“She said that we were to make two andors and that I and Jacinta and two more girls were to carry one, and Francisco with three more boys the other, to the parish church. Part of this money was to be for the Feast of Our Lady of the Rosary and the rest to help to build a new chapel.”

“Where does the Lady want the chapel built? In the Cova da Iria?”

“I don’t know; she didn’t say.”

“Are you glad that our Lady appeared to you?”


“On the 13th of October will our Lady come alone?”

“Saint Joseph and the Holy Child will come, and a little time afterwards the world will have peace.”

“Did our Lady reveal anything more?”

“She said that on the 13th of October she would perform a miracle so that the people can believe that she appeared.”

“Why do you often lower your eyes, instead of keeping them on the Lady?”

“Because she sometimes blinds me.”

“Did she teach you any prayer?”

“Yes, and she wants us to recite it after each mystery of the Rosary.”

“Do you know this prayer by heart?”


“Say it.”

O my Jesus, forgive us and deliver us from the fire of hell. Take all souls to heaven, especially those who are most in need.

Dr Formigao returned to his seminary at Santarem, pondering seriously and prayerfully the strange case of the children of Aljustrel. For better or worse he believed them. He was convinced they told the truth, at least as they saw the truth, which did not exclude a possibility that in all their honesty, they were yet the victims of hallucination. Indeed the doctor in his charity would have allowed it altogether possible to be both virtuous and crazy.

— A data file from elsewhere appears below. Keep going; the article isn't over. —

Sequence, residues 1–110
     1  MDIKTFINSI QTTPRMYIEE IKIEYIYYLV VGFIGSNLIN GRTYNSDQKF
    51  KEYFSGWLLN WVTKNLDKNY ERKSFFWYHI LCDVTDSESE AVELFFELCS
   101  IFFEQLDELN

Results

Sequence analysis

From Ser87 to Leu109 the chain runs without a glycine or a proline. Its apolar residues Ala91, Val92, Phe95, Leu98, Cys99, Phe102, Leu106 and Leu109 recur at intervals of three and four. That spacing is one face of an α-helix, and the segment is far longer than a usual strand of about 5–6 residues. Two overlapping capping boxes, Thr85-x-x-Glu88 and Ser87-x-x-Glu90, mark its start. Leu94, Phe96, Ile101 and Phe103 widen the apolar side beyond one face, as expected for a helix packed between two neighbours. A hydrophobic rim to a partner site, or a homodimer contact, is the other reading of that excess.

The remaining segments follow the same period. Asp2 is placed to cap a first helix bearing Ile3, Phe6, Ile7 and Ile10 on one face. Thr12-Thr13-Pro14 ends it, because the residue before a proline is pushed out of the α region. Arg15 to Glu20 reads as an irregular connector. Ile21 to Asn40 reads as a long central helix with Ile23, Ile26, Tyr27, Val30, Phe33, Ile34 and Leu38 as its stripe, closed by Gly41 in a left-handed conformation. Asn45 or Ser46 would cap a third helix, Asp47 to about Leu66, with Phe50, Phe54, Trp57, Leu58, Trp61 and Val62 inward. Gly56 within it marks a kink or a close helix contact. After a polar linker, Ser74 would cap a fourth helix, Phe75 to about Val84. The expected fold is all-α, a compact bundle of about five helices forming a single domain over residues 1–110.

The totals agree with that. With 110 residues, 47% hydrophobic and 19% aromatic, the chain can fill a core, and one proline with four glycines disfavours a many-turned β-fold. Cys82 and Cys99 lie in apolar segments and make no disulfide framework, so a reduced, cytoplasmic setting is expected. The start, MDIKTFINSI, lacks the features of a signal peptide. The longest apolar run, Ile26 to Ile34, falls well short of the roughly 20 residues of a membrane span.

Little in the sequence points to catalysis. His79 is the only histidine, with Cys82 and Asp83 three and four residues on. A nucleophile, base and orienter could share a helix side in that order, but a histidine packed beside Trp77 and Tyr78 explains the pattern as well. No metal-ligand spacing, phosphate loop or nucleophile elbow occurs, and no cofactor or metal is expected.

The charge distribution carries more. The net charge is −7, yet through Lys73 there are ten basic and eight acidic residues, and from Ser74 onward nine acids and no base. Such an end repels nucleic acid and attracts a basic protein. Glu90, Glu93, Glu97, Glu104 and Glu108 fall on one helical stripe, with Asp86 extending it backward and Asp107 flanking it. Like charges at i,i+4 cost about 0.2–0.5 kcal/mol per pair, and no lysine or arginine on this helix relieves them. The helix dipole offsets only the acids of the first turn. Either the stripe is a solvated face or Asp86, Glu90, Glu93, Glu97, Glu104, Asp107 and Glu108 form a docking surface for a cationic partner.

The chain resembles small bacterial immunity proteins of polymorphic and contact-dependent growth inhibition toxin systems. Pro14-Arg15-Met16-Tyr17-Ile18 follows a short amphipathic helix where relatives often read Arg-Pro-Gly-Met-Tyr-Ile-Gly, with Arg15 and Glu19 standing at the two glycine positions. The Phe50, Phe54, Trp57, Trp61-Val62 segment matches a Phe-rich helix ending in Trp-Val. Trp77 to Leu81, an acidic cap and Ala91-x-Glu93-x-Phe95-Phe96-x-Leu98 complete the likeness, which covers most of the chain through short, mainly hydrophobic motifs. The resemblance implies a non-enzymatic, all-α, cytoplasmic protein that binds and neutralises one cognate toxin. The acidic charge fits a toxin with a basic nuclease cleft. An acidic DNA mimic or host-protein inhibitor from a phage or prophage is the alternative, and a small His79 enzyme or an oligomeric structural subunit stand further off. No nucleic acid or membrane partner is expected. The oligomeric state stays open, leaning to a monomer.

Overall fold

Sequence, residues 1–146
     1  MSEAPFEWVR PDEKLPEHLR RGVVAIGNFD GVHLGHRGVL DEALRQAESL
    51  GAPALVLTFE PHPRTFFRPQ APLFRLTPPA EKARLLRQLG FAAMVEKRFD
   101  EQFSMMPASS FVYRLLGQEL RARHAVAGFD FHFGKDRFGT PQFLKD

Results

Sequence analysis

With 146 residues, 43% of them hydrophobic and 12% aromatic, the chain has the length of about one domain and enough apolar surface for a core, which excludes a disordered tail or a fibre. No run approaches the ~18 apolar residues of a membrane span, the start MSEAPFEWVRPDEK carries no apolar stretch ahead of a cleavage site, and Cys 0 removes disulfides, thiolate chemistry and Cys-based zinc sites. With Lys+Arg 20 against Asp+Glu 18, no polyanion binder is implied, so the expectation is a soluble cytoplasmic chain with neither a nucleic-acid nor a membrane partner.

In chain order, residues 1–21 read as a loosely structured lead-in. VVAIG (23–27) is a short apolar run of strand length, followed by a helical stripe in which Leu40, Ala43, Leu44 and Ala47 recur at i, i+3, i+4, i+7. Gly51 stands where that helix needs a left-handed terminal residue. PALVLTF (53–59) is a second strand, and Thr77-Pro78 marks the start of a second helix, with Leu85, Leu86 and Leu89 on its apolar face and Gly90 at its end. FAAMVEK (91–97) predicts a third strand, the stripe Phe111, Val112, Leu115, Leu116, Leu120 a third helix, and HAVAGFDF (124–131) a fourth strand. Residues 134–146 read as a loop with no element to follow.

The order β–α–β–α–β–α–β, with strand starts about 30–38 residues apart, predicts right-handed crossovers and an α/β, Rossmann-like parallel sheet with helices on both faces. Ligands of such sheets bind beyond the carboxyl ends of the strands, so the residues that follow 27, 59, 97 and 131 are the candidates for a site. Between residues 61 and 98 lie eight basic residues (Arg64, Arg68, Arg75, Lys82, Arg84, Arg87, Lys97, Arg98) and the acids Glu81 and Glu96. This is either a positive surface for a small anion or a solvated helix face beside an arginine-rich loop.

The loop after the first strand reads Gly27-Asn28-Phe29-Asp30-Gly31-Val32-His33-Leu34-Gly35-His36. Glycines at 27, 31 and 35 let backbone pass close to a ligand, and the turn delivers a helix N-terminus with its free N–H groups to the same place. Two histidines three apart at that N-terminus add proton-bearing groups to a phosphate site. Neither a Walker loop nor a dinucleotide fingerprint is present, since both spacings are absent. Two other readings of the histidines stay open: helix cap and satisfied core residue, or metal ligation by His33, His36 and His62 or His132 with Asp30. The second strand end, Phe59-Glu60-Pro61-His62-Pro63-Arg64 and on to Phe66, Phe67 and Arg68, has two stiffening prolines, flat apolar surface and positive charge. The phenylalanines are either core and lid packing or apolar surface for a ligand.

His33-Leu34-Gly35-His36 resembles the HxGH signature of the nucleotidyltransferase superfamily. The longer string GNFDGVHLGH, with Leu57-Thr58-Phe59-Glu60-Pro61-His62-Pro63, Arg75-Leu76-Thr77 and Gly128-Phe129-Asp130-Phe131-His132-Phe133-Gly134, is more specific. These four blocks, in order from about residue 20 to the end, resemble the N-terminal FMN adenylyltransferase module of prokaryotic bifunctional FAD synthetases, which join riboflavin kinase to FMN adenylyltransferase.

Yet he did not think they were crazy; and he did not believe they had lied. Consistent with the priestly responsibility he felt, he resolved to visit the children at least once more before the scheduled “miracle” of October 13. He travelled as far as Vila Nova de Ourem by train and completed the journey to Fatima by horse-drawn carriage. He arrived too late to question the children, and for that reason spent the night with a family named Goncalves. Manuel Goncalves, the eldest son of the house, and a man of bright good sense, was able to supply him with information about the families of the children. Happily this dialogue has been preserved and is presented intact.

Dr Formigao is the first to speak:

“Have the parents of these children a good name? Are they respectable, decent living people?”

“The parents of Jacinta and Francisco are very good people, profoundly religious and well thought of by everybody. Lucia’s father is not a churchgoer, but he is not at all a bad man. On the thirteenth of June some of his more disreputable friends succeeded in making him drunk in the hope of getting him to commit some folly or other in the place of the apparitions, and although he had allowed his daughter to go to the place as usual, he ordered the other people off, as proprietor of the ground where the oak tree grows. When the people saw that he was drunk, they took no notice of his order, but a man pushed him so that he fell to the ground. The mother is a pious hard-working woman.”